I spent some time exploring a blog recently dedicated to those who have “de-converted” from Christianity to atheism or some other belief system. As I explored the site, one thing became apparent. These individuals have a faulty view of God.
What comes to our minds when we think about God is the most important thing about us (A.W. Tozer). This tells us what kind of God we believe in. Most nonreligious people are rejecting a god that they don’t even understand. And if they did, they would probably call a truce and stop fighting against Him so much.
It sounds to me that the kind of God they want is a “genie” they can rub or a “vending machine” they can deposit a prayer into and have Him to dispense their fix. It’s God in their image and it distorts who He is. God is very particular in how we think about Him, describe Him, and define Him. We want a god who is safe, nice, pampering, just so long as he keeps his distance. Provide, don’t intrude. Protect, never demand. Care, but don’t judge or meddle in my business. Don’t crowd me. And if you don’t do as I ask, then I’ll stop believing in you and this will be my way of getting back at you. This is what I sense over at the De-Conversion blog.
A former chaplain at Harvard, George Buttrick, recalls that students would often come into his office and declare, “I don’t believe in God.” The wise chaplain would then reply, “Sit down and tell me what kind of God you don’t believe in. I probably don’t believe in that God either.” See, if I can declare that God doesn’t exist or that he is like one of so many misguided concepts of God, then it relieves me from the responsibility of being one of His creations and wrestling with the hurt of life. These misled images and concepts of god have become our idols. And we have become our own gods.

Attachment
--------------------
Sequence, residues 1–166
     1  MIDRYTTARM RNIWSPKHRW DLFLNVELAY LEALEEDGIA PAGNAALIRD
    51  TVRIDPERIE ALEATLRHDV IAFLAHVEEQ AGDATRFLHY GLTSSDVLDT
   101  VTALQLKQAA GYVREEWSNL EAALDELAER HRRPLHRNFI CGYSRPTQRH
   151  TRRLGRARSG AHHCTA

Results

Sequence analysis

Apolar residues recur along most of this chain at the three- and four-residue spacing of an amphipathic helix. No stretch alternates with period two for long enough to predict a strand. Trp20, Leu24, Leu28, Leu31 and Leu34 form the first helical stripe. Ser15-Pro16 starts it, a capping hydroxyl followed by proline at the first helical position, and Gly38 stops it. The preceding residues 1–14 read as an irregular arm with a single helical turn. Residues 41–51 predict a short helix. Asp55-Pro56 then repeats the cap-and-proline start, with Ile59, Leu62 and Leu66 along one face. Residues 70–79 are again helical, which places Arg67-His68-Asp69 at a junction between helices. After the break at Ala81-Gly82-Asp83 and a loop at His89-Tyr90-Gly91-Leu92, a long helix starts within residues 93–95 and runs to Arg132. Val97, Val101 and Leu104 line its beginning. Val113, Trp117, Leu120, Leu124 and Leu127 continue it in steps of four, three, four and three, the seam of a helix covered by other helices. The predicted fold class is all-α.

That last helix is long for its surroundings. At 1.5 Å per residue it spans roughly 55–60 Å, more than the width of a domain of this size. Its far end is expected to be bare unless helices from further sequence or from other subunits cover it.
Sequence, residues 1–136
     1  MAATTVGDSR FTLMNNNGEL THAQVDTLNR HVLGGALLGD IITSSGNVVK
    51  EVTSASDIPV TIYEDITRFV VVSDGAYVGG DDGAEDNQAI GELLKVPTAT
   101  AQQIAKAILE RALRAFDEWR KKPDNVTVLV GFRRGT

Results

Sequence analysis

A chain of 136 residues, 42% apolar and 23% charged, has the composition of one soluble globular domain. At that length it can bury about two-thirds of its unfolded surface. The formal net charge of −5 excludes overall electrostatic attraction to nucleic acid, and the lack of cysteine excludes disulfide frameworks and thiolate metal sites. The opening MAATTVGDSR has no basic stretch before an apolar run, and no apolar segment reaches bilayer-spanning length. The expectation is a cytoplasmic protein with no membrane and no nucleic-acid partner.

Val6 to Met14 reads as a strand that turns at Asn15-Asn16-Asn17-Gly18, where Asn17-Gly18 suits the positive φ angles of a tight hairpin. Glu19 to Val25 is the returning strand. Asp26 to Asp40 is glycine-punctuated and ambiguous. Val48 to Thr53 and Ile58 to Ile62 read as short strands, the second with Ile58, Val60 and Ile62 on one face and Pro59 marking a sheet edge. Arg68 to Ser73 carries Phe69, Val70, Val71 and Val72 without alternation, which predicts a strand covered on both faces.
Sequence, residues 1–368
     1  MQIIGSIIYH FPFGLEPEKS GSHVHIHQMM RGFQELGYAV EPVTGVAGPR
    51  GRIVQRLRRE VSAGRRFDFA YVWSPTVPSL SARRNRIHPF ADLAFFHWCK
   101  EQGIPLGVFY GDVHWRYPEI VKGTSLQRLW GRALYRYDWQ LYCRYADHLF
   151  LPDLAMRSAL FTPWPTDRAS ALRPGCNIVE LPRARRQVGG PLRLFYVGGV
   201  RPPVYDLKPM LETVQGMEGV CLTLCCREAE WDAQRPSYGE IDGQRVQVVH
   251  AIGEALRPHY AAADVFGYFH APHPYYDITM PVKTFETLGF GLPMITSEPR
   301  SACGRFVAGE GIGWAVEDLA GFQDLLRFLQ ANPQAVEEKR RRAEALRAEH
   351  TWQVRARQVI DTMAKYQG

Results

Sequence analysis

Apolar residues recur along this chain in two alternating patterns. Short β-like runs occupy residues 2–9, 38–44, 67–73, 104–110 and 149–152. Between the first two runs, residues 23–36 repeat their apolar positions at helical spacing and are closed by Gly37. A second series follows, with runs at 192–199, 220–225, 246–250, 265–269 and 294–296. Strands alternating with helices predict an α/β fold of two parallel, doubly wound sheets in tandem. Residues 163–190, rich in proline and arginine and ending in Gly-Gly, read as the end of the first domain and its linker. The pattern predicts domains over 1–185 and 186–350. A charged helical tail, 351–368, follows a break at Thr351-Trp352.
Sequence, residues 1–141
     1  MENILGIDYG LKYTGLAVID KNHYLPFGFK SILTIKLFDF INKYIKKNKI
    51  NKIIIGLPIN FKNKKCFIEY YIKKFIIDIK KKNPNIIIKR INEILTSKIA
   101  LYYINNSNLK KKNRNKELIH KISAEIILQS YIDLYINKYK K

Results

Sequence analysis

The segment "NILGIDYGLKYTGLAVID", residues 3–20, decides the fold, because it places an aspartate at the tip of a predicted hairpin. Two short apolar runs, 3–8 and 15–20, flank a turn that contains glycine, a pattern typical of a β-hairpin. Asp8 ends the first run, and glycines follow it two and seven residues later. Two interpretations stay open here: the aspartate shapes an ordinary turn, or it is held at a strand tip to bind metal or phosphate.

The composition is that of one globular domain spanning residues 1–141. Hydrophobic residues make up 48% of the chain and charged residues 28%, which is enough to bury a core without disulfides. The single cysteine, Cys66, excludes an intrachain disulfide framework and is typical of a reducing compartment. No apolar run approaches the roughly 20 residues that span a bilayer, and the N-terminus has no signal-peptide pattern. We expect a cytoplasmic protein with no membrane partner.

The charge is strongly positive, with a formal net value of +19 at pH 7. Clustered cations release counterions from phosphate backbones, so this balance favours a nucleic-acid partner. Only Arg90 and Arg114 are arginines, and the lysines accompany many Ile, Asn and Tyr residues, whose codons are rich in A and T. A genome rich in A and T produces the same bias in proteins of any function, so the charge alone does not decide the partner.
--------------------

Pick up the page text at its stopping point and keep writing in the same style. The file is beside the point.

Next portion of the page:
So where do we get the right picture of God? After George Buttrick would ask his Harvard students that question, then he would go on to talk about Jesus, the corrective to all of our assumptions about God. “He is the aperture through which the immensity and magnificence of God can be begun to be seen (J.B. Phillips, 85).”